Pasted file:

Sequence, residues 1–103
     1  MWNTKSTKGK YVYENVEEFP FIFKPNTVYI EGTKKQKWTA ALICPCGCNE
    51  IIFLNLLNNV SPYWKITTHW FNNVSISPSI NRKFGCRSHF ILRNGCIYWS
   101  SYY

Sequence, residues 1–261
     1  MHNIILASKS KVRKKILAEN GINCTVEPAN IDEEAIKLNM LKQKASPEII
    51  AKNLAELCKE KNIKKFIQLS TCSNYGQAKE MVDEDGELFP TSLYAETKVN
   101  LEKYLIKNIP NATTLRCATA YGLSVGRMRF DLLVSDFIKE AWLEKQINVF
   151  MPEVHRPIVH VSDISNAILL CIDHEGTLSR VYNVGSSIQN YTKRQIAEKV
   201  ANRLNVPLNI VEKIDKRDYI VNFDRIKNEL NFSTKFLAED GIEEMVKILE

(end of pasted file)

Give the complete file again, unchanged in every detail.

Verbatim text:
Sequence, residues 1–103
     1  MWNTKSTKGK YVYENVEEFP FIFKPNTVYI EGTKKQKWTA ALICPCGCNE
    51  IIFLNLLNNV SPYWKITTHW FNNVSISPSI NRKFGCRSHF ILRNGCIYWS
   101  SYY

Sequence, residues 1–261
     1  MHNIILASKS KVRKKILAEN GINCTVEPAN IDEEAIKLNM LKQKASPEII
    51  AKNLAELCKE KNIKKFIQLS TCSNYGQAKE MVDEDGELFP TSLYAETKVN
   101  LEKYLIKNIP NATTLRCATA YGLSVGRMRF DLLVSDFIKE AWLEKQINVF
   151  MPEVHRPIVH VSDISNAILL CIDHEGTLSR VYNVGSSIQN YTKRQIAEKV
   201  ANRLNVPLNI VEKIDKRDYI VNFDRIKNEL NFSTKFLAED GIEEMVKILE